A young American meteorologist has been running about in a California desert for the advancement of science.
GV Sand whirlwind in desert (2 shots)
GV Dr Fitzjarrald chasing sandstorms (2 shots)
SV INT. Ditto with reproduced wind in laboratory
SCU Fitzjarrald speaks.
SOF IN The experiments..."
GV Sand whirlwind (2 shots)
LV Fitzjarrald chasing storm
BROWN: "These swirling pillars of sand and debris have been tabbed with a variety of names by desert travellers -- dust devils -- devil winds -- whirlies. These dust devils were filmed at Southern California E1 Mirage Dry Lake by a 29-year old UCLA meteorology professor. And there he is -- Doctor Dan Fitzjarrald -- who has spent two summers literally chasing these winds around the dry lake bed, trying to measure their velocity and temperature. Fitzjarrald wants to know not only why and how they work -- but could the principle have a practical application. Possibly to save his legs and avoid always choking in the middle of the real thing --Fitzjarrald has reproduced the devil???inds in his laboratory. A heated aluminum plate acts as the desert floor -- and adjustable plexi-glass panels help form the surrounding atmosphere."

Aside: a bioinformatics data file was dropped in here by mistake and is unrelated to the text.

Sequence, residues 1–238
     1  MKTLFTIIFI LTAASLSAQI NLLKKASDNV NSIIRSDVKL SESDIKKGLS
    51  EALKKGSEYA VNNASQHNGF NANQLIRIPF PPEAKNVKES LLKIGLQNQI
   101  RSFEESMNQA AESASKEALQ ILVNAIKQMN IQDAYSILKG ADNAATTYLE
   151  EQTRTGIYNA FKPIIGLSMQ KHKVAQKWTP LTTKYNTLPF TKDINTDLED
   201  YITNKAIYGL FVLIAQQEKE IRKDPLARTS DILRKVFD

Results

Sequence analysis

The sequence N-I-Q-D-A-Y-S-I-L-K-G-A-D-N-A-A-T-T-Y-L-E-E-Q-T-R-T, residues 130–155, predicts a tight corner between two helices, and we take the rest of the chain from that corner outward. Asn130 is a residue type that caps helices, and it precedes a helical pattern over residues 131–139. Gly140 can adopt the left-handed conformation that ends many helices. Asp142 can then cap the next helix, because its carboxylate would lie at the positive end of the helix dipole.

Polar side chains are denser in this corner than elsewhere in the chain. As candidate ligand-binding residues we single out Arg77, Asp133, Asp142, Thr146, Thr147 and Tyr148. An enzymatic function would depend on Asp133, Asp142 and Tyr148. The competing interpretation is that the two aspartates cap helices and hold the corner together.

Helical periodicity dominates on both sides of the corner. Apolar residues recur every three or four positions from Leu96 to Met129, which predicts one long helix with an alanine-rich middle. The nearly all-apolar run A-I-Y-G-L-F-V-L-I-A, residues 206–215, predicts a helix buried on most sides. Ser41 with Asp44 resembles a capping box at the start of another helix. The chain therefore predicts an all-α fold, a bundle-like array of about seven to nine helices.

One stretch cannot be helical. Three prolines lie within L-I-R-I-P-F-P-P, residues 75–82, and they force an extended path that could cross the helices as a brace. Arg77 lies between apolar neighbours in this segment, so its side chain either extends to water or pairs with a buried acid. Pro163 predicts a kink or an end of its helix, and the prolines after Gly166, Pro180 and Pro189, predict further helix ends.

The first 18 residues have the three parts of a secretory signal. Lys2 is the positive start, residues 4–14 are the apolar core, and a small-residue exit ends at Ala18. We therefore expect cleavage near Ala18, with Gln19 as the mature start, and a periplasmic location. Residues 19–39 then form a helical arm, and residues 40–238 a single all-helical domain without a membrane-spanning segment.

FITZJARRALD: "The experiment itself has no....just sits here and goes round and round, but if we learn more about vortices, that is whirlwinds in the atmosphere, we can better understand tornadoes, which are very important."
BROWN: "So Doctor Fitzjarrald is not bedeviled by these so-called devil winds -- he sees in the towering columns -- the way to get some answers about this natural phenomenon -- and perhaps how to harness the theory. He must see something -- to chase them around like he does."
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Script is copyright Reuters Limited. All rights reserved
Background: A young American meteorologist has been running about in a California desert for the advancement of science. He is 29-year-old Dr Dan Fitzjarrald, a professor at the University of California at Los Angles.
As this report by NBC reporter Jim Brown explains, Dr Fitzjarrald hopes through the study of small whirlwinds to come closer to an understanding of their destructive relatives, tornadoes.